Early Saturday morning the Earth will pass between the moon and the sun in the first total lunar eclipse of this year (the second will take place on September 28).
Viewers across North American, including all of the US, will have front row seats for the event.
Observers in Alaska and Hawaii will see the total lunar eclipse from start to finish, while viewers on east coast will see only part of the moon disappear beneath Earth’s shadow. That’s because the moon will set before the moment of totality — when the sun, Earth, and moon are exactly aligned and Earth’s shadow completely eclipses the moon, turning it that iconic blood-red color.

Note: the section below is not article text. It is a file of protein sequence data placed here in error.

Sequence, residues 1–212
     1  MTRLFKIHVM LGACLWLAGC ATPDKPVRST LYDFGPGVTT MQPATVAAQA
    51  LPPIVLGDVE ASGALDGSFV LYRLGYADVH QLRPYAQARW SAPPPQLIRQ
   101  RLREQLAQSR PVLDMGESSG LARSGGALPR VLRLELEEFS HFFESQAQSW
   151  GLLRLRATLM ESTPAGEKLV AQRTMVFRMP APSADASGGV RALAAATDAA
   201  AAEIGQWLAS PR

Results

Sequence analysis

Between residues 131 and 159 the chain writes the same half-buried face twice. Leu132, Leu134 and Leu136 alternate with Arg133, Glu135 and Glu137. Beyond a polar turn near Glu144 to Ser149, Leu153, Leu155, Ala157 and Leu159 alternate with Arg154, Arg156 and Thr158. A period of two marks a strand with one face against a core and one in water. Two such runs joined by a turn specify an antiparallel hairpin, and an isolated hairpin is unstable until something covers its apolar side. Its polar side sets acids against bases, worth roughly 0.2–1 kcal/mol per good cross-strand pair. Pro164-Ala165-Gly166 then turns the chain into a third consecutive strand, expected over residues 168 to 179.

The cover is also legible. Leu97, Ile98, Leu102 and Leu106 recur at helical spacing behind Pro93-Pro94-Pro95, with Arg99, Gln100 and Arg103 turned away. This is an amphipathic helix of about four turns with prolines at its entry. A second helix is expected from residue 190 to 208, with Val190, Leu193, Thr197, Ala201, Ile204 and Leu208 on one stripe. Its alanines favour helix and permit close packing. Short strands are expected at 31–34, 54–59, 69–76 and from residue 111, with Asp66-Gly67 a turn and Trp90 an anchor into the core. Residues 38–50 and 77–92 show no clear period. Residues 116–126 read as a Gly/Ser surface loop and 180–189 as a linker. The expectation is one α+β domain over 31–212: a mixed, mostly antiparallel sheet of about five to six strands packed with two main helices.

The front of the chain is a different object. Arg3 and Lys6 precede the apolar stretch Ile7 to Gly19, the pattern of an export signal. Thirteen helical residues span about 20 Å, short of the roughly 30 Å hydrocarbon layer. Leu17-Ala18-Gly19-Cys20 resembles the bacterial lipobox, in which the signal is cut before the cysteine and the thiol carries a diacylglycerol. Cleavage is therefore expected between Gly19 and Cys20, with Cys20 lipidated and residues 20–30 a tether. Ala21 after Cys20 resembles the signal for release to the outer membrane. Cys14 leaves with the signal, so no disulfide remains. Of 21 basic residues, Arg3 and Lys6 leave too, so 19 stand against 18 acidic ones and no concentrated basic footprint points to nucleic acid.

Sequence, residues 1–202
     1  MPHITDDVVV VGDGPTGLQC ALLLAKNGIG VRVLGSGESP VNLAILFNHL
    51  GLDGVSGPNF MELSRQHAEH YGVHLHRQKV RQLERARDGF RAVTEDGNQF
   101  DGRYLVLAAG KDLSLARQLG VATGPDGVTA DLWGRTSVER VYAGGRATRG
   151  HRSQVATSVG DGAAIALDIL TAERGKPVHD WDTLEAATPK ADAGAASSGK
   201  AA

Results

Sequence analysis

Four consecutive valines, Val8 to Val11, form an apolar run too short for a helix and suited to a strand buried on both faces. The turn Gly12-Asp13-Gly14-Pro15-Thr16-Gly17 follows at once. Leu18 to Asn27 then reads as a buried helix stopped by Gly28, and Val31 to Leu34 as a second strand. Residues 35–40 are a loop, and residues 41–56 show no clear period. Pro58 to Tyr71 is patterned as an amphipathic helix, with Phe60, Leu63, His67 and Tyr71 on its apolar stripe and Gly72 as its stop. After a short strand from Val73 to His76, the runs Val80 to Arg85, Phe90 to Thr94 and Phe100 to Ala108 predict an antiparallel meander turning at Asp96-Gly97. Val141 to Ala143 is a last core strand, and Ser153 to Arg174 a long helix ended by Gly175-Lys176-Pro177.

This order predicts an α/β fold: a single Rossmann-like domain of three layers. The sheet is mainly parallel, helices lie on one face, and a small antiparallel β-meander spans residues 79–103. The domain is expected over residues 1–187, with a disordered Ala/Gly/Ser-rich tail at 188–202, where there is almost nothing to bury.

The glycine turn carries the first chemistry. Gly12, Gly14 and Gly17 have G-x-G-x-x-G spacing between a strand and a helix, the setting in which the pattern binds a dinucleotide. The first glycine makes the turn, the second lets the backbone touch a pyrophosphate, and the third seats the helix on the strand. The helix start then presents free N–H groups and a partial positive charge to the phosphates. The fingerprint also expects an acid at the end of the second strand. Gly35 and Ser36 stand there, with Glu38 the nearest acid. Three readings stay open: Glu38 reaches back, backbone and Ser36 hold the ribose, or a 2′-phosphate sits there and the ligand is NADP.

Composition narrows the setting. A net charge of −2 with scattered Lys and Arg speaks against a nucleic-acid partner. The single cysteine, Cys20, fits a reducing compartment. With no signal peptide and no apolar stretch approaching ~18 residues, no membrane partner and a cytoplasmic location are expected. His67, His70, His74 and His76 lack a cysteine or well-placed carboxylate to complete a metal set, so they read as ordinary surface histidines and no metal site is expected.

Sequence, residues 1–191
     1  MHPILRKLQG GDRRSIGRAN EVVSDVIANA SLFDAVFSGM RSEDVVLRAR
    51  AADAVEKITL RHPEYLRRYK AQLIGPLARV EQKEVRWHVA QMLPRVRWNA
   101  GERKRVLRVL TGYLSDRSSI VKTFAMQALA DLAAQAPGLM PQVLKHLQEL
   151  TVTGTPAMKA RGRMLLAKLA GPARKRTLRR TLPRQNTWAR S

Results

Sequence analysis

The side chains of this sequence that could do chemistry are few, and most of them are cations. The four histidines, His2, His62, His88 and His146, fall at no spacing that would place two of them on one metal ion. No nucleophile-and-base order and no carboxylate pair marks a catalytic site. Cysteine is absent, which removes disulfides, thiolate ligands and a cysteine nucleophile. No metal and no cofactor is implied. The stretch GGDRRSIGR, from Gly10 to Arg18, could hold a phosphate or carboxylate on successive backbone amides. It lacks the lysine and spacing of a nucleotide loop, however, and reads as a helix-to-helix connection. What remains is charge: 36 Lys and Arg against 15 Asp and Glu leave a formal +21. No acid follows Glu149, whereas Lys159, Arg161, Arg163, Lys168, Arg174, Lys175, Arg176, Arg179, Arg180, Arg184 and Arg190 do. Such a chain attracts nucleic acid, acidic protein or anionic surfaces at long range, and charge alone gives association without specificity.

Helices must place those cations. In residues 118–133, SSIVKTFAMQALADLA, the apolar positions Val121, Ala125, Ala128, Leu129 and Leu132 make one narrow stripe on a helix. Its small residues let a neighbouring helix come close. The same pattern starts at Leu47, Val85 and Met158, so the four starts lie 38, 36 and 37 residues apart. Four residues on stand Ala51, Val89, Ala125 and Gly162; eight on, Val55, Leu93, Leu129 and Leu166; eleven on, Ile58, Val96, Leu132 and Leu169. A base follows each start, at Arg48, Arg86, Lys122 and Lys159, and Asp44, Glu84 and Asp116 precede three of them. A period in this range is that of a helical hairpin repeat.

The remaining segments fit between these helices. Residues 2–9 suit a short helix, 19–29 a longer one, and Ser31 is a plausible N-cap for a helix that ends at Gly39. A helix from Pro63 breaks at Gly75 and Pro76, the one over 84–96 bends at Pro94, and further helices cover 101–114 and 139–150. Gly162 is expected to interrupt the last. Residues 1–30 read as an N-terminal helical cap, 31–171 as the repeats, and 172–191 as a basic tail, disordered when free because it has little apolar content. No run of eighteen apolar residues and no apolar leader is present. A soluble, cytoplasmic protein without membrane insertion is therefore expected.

If you’re on the US mainland, the best place…
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